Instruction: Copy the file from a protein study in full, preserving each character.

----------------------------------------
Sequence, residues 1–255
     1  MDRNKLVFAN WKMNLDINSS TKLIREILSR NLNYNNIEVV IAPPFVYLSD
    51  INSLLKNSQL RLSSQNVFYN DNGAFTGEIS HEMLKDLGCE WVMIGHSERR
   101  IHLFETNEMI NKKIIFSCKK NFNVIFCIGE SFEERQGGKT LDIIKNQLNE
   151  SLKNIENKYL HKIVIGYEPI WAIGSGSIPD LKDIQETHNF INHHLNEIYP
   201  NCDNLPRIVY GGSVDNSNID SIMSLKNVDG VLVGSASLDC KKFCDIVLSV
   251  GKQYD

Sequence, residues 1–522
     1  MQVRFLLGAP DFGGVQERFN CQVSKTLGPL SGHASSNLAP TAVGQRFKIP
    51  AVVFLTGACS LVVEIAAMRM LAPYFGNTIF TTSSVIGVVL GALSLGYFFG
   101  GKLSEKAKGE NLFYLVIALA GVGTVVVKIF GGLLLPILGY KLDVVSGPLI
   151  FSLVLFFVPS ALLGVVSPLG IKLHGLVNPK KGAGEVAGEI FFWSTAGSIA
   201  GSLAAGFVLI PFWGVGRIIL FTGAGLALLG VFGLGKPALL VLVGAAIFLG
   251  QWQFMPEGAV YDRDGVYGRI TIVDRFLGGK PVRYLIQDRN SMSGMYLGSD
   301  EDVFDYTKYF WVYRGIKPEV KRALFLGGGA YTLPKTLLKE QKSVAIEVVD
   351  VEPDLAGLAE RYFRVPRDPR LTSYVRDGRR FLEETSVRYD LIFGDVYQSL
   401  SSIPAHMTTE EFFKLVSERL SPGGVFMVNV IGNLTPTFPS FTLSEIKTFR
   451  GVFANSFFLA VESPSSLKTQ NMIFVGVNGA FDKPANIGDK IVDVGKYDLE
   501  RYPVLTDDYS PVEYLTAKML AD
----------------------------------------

Sequence, residues 1–255
     1  MDRNKLVFAN WKMNLDINSS TKLIREILSR NLNYNNIEVV IAPPFVYLSD
    51  INSLLKNSQL RLSSQNVFYN DNGAFTGEIS HEMLKDLGCE WVMIGHSERR
   101  IHLFETNEMI NKKIIFSCKK NFNVIFCIGE SFEERQGGKT LDIIKNQLNE
   151  SLKNIENKYL HKIVIGYEPI WAIGSGSIPD LKDIQETHNF INHHLNEIYP
   201  NCDNLPRIVY GGSVDNSNID SIMSLKNVDG VLVGSASLDC KKFCDIVLSV
   251  GKQYD

Sequence, residues 1–522
     1  MQVRFLLGAP DFGGVQERFN CQVSKTLGPL SGHASSNLAP TAVGQRFKIP
    51  AVVFLTGACS LVVEIAAMRM LAPYFGNTIF TTSSVIGVVL GALSLGYFFG
   101  GKLSEKAKGE NLFYLVIALA GVGTVVVKIF GGLLLPILGY KLDVVSGPLI
   151  FSLVLFFVPS ALLGVVSPLG IKLHGLVNPK KGAGEVAGEI FFWSTAGSIA
   201  GSLAAGFVLI PFWGVGRIIL FTGAGLALLG VFGLGKPALL VLVGAAIFLG
   251  QWQFMPEGAV YDRDGVYGRI TIVDRFLGGK PVRYLIQDRN SMSGMYLGSD
   301  EDVFDYTKYF WVYRGIKPEV KRALFLGGGA YTLPKTLLKE QKSVAIEVVD
   351  VEPDLAGLAE RYFRVPRDPR LTSYVRDGRR FLEETSVRYD LIFGDVYQSL
   401  SSIPAHMTTE EFFKLVSERL SPGGVFMVNV IGNLTPTFPS FTLSEIKTFR
   451  GVFANSFFLA VESPSSLKTQ NMIFVGVNGA FDKPANIGDK IVDVGKYDLE
   501  RYPVLTDDYS PVEYLTAKML AD